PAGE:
Evaluating Your Unwritten Résumé

Your professional reputation is a marketing document itself.

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Marla Gottschalk
Marla Gottschalk
"Your brand is what people say about you when you're not in the room." - Jeff Bezos, founder of Amazon

While our formal résumé helps to define our relevant skills, abilities and experience during a job search, there is an entirely different kind of résumé that can also have a significant impact upon our work lives. It is the unwritten or "invisible" résumé that lives in the minds of our co-workers, trusted colleagues and supervisors. In a 2009 blog post for Harvard Business Review, Dr. Vicky Gordon, the CEO of the Gordon Group, explains this invisible résumé captures what others are thinking (and sharing) about us when our names are mentioned in workplace conversations. This alternative source can touch every facet of our work lives, in ways that we might not have expected. As such, this question becomes critical: How do we determine the contents of our unwritten résumé?

Revealing its components can be challenging on a number of levels, but worthwhile to pursue. Part and parcel to this process is gaining a real-life, real-time view of your work-life reputation. What areas might be included? Think of topics such as attitude, openness, timeliness and follow-through on promises. In some cases, a supervisor or colleague might openly offer a piece of information included in this unwritten document. Beth Comstock, the chief marketing officer with GE, explains in a recent LinkedIn post how her former boss, Jack Welch, chided her for being "too efficient" during meetings. While Comstock believed her communication strategy to be quite effective, in fact, this behavior caused her to be viewed as "abrupt and cold."

The truth is, we can be a poor judge of our own qualities and it is a wise to seek alternative perspectives. In some situations, what has worked for us in the past has long passed its expiration date, yet no one is honest enough to call us out on our behavior. On the other hand, we may be viewed much more positively than we think, and are underestimating our worth. Ultimately, this lack of awareness can negatively influence our career path going forward.

Some solid reasons to explore your unwritten résumé:

  • You've been passed over. There is nothing more frustrating than working toward a valued goal that does not materialize. When you felt deserving of a promotion or project and the opportunity doesn't occur, it may be time to assess. If things just do not add up, it may be time to gather more information.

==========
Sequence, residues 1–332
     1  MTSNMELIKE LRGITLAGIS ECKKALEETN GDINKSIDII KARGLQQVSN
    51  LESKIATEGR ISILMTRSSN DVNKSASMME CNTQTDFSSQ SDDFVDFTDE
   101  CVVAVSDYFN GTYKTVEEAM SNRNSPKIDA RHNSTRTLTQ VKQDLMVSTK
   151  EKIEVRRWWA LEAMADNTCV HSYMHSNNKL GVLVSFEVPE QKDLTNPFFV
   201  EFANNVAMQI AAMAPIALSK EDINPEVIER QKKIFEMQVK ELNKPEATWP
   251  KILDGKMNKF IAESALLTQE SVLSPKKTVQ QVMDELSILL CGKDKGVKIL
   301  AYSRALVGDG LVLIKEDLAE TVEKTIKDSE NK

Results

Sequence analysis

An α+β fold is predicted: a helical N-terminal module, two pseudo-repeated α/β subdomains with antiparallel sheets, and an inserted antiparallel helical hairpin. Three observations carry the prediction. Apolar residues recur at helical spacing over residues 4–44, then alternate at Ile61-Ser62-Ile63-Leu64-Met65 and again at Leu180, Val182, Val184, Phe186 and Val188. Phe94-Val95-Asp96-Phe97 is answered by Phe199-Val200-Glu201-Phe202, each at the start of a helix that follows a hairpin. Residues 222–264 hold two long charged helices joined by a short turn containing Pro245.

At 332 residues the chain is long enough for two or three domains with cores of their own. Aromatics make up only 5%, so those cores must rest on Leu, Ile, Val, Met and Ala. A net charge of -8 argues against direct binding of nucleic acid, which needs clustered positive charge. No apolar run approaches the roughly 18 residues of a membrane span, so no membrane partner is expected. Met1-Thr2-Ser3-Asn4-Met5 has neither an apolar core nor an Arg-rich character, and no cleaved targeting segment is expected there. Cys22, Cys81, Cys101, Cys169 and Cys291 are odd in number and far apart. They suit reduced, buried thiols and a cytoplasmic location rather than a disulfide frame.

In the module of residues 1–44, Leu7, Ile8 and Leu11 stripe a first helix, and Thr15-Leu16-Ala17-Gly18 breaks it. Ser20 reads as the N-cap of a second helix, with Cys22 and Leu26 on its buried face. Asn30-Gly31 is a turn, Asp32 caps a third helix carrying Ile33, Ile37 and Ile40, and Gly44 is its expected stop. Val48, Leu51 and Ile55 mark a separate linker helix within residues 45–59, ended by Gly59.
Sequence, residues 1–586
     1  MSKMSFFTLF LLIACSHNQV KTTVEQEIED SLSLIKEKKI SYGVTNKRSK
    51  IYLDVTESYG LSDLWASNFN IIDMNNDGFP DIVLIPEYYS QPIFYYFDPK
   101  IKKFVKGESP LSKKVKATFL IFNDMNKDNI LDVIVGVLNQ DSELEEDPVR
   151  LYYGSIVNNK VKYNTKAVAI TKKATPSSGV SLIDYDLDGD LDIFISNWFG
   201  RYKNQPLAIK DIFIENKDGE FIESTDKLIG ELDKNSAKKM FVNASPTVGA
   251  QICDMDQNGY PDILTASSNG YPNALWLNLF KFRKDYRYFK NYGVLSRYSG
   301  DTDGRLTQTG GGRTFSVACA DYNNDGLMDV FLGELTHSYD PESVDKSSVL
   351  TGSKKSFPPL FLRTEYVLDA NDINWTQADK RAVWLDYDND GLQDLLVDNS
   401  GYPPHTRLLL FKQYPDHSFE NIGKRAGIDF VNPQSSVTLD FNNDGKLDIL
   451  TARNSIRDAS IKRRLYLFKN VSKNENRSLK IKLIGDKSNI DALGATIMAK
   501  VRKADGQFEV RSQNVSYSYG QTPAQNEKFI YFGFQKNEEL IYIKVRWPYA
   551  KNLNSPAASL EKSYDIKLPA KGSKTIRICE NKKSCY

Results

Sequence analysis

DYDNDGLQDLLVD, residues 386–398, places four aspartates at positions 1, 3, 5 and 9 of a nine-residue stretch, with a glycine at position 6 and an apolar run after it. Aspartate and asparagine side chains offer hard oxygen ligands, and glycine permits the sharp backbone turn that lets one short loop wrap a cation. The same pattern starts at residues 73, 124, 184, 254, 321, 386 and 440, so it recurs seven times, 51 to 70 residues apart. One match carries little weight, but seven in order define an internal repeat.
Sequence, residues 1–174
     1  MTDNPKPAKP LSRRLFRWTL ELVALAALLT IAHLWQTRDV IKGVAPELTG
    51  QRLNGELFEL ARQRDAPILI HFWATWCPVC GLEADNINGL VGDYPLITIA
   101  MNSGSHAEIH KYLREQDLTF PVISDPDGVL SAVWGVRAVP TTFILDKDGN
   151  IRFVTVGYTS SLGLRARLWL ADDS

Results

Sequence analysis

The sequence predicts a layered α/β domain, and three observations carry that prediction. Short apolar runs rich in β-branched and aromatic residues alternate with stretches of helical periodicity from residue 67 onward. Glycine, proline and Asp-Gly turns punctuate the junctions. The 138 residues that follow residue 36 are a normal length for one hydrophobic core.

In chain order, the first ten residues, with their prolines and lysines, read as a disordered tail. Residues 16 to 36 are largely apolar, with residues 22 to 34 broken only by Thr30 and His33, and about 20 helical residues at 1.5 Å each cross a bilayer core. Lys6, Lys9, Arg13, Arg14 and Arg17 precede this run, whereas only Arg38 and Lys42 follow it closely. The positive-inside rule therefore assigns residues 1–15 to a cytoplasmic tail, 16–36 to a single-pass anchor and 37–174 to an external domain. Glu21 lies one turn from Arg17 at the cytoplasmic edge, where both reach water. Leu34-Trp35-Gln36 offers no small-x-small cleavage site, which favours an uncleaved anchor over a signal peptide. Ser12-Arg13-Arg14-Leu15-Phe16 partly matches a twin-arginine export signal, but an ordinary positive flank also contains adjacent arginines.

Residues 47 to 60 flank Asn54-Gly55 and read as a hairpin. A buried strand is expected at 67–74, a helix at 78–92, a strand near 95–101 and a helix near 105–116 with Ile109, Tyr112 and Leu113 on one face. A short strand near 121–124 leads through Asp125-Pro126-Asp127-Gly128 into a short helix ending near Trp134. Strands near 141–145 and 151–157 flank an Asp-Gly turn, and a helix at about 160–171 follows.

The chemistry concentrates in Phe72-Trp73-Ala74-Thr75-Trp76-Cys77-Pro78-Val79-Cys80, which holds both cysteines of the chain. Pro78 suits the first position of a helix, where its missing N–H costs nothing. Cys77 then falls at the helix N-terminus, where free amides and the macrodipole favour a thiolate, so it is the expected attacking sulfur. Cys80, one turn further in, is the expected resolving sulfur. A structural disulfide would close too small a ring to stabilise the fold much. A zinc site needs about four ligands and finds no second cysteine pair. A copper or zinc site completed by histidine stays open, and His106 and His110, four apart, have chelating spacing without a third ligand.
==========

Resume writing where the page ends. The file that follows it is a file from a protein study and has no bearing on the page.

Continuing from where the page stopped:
• You have your eye on a leadership role. If you are considering a change of focus or responsibility, then it is important to gather a complete view of your potential. In some cases, the skills that have brought us to our current level are not fully sufficient to lead us into the next chapter.
  • You aren't making progress. There is nothing more confusing (and disturbing) than having your career stall. If you are having issues gaining momentum and are unsure as to why, something unsaid may be getting in the way.
  • You are targeting development goals. Forming a list of your development must haves can be tricky business without an accurate view of current skills. An honest appraisal is necessary to craft a plan that is sound.
  • Keep these points in mind:

    • Focus on the future. Be keenly aware that the information included within your unwritten résumé can help power your career forward. This may help you process what you might uncover. Remember that what you don't know can hurt you.
    • Build a network. Build a trusted group who will offer a realistic view of your performance in a variety of workplace situations. This group should be robust, and include those that can speak to your performance in a team setting, how you handle challenge or frustration and your ability to develop ideas.
    • Review often. Set up channels to review your invisible résumé at frequent intervals. For example, after completing a project or proposal, ask each member how they viewed your contribution.
    • Above all, strive for a 3-D view. Attempt to see yourself from all perspectives, and become completely open to areas of strength and weakness. All in all, information is power.
    • Dr. Marla Gottschalk is an Industrial/Organizational Psychologist who specializes in workplace success strategies and organizational change. She helps individuals, teams and organizations develop intelligently—to meet work life challenges with a sense of confidence and empowerment.